I've used the POR-15, and found it to work very well. The basic kit(do a google search, I think they're in NJ-Vech sells it as well), includes everything you'll need, and costs about $35 or so. The stripper included is excellent, but you may need more(MEK will work OK). You may not like the finish though, a silver, rather than the original red.
Another option is to use RedKote stripper, it is the original red color(very close, anyhow) for the R51. The problem is that it is only sold by the gallon-commercially-and you won't even need a quart. I called a few radiator shops, and one fellow explained all this-then he suggested I go to a hardware store and buy a new one quart paint can, and he sold me a quart for $20. Good guy.
Etching can be done with full strength muriatic acid-but drain it after about two minutes(when it starts to smoke!), and rinse it for about twenty minutes with the garden hose. Dry it immediately with a hair blow dryer. Works well.
I just reread my post, and realize you must have found the POR-15 site. Also you're looking for tips on the application of the POR-15.
It is very important to run a couple pieces of old cables or wire all the way through the crossover tubes, leaving a short length exposed on the outside of the tank. After it cures(about 4 days), you can pull the cables/wires out with pliers. The POR-15 hardens like steel, and it took some effort to get them out. Also, use an unwanted gas cap to seal it during application-the sealer will seal up the venting in the cap. Obviously, do it before painting-all this stuff will ruin the paint.
I don't have spare caps for both of these tanks, so I intend to close off the filler with some duct tape. Is there any reason why this is not likely to work satisfactorily?
It has been awhile since you posted this, but I wanted to know how your tanks came out. I have used the POR-15 stuff in the past, and it is pretty good, but just doesn't look original...that's my only problem with it. I have also tried a PPG epoxy primer which is red, and looks exactly like the original, but I am still experimenting with it. It looks like this epoxy primer is very dependent upon how thick you coat the tank, which then determines how impervious it is to fuel. I know that doesn't sound legit, but that's what I found so far.
I have just found another urethane type product that is also red, like the original and am going to try it. I'll let you know how it turns out. I wish I knew what the stuff is that they used from the factory. Nobody seems to know, and yet it is really hard, durable stuff. Amazing for almost 50 years ago!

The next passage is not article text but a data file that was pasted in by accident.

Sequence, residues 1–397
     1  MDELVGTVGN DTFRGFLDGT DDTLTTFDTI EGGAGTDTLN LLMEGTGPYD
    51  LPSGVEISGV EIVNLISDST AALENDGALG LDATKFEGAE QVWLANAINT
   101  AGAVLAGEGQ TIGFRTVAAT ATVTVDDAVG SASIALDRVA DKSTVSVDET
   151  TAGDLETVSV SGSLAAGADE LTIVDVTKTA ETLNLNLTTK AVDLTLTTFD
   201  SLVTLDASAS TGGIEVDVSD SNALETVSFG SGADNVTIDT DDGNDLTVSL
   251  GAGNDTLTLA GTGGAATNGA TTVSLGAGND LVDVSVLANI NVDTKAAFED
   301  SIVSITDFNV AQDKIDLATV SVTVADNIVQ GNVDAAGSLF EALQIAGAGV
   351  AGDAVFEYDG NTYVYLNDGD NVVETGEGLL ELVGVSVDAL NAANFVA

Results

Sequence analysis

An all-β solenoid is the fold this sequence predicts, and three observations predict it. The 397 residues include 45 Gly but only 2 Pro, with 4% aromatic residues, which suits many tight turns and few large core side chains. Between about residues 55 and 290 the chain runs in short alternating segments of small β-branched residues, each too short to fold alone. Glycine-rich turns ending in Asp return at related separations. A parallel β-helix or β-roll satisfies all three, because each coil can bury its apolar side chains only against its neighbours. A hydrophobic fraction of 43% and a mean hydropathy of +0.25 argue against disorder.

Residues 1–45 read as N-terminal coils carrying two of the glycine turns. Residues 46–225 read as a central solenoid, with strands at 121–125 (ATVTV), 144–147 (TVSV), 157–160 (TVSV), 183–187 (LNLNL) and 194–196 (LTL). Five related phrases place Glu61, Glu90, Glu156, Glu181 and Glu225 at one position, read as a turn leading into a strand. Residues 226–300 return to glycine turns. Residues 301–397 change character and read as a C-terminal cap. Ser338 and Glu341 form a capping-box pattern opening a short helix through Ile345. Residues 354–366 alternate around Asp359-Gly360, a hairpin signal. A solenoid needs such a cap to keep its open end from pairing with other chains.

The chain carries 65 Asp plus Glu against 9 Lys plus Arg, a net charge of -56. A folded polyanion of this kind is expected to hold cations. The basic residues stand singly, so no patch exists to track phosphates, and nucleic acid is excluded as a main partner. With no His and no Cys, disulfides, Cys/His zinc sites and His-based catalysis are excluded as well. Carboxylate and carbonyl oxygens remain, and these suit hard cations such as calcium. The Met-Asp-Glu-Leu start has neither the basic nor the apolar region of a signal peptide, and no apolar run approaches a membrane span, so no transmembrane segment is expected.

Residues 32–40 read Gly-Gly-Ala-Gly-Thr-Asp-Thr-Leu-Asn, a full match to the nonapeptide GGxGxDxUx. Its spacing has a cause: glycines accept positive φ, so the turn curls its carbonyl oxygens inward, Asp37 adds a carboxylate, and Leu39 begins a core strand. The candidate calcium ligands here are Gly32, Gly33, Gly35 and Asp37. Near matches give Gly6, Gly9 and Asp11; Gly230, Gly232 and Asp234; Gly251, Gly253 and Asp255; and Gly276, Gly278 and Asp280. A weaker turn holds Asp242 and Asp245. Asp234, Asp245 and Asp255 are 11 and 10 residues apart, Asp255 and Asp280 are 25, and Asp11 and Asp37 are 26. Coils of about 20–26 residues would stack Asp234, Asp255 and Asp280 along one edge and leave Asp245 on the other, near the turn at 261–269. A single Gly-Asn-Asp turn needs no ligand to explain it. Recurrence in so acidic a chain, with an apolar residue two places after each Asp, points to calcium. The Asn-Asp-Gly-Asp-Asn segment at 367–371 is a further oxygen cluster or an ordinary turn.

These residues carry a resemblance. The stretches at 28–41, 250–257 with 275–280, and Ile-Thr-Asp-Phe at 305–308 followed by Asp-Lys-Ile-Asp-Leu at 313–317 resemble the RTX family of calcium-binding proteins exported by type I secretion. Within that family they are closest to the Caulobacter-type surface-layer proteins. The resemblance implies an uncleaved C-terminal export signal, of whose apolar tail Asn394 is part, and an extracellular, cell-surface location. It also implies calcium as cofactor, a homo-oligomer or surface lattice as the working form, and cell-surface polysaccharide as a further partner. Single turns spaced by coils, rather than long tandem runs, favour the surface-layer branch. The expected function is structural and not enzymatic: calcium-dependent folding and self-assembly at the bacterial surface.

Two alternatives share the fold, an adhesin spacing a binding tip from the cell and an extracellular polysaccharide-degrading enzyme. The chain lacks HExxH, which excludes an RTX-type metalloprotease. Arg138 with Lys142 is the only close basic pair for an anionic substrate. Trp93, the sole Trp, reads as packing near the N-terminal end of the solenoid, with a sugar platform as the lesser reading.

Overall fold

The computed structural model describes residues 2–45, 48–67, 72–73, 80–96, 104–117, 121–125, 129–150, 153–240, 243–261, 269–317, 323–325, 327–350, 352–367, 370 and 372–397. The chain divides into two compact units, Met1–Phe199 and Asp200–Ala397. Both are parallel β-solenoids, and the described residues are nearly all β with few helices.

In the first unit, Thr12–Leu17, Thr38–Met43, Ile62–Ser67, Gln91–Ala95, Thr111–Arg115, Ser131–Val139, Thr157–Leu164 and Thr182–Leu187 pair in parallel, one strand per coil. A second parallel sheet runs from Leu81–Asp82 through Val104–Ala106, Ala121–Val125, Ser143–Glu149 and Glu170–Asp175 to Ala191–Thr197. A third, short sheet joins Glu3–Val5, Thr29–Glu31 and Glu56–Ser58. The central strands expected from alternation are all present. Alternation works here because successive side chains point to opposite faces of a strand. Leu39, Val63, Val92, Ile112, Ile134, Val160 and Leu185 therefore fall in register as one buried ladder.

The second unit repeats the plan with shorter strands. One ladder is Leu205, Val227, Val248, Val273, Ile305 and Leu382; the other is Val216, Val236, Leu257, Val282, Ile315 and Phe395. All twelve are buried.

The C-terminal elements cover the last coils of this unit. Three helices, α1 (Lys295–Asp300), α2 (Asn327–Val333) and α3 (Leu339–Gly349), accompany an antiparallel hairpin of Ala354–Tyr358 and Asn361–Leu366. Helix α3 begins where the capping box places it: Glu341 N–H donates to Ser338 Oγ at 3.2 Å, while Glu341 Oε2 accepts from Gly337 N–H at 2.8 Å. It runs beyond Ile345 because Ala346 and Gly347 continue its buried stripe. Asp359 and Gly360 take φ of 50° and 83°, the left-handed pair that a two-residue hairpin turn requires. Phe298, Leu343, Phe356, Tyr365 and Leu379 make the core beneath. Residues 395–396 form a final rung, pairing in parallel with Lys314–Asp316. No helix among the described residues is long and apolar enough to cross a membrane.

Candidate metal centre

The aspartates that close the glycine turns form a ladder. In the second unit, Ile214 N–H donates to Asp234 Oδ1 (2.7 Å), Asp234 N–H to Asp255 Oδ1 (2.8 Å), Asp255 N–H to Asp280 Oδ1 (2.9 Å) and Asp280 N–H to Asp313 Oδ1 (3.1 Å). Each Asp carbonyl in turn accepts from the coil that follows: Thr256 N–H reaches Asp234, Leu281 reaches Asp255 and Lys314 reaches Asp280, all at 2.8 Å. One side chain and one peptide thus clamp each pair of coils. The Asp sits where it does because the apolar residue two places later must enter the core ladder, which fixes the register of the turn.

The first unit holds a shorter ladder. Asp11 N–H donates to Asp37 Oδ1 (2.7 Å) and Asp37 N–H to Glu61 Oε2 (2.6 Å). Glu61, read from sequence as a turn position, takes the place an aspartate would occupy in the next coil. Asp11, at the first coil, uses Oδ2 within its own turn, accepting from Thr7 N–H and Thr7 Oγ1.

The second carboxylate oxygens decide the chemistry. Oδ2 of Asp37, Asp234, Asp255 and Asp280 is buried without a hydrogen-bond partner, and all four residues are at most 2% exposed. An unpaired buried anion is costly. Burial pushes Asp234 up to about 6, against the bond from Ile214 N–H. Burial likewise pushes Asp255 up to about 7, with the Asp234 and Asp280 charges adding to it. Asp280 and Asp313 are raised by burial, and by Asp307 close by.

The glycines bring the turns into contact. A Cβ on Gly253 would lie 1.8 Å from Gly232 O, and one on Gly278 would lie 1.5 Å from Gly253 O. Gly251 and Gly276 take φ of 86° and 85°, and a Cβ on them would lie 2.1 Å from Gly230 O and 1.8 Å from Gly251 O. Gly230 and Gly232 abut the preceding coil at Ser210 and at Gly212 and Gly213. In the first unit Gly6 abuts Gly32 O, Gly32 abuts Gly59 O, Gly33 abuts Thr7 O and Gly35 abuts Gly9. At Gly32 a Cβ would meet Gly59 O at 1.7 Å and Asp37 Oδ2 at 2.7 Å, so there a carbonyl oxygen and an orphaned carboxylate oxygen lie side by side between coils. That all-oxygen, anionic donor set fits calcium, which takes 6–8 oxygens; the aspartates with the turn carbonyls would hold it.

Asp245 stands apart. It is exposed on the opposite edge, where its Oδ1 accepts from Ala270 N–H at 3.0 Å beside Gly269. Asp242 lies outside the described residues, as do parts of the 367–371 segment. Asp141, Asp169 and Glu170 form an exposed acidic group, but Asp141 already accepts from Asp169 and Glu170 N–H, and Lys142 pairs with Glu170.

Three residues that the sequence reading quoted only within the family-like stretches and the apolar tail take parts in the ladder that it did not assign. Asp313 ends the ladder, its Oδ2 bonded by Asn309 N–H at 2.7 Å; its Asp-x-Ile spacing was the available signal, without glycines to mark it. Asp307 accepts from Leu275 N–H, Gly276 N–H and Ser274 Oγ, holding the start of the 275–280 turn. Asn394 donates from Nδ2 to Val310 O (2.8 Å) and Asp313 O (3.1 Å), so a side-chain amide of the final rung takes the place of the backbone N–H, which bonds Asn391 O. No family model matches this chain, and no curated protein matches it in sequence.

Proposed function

Neither tank has yet been used on a bike, so I don't have any experiece yet with how the POR-15 stands up to today's weird gas blends.
You're right about it not being the correct color for the postwar bikes, which had a red coating. But the tank on my R51/3 was already nearly devoid of the red paint when I got it anyway, and the silver color of the POR-15 isn't that much different than the plain steel that was showing when I started. On my R12, I think that tank was never originally lined; at least, there was no trace of it in my tank.
One is from my 1941 R12. The tank is in good shape and there appears to have never been any kind of sealer on the inner surface before.
The other is for an R51/3. This tank has a red sealer that is flaking off badly. Also, the tank is for some reason missing the two hinges for the tool box lid, so I need to have those welded on.
I have often heard the praises of POR-15 tank sealer. After reading their web site, I'm not completely sure of what I need. My questions are:
1) Do I need to use the POR-Strip in both tanks, or only in the R51/3 tank? Although I can't see any signs of a previous sealer in the R12 tank, I also can't see all of the inner surfaces. Does any one know if these tanks were sealed originally?
2) Must I get the welding done on the R51/3 tank before going through the sealer process? My painter has said he can add the hinges before he paints the tank, so it would be easiest for me to do the sealing first. It seems like the welding should be so small and remote from the inner surface that it won't harm it...
3) (Maybe I should have asked this first!) Is POR-15 really the way to go? Are there any tricks to doing the job?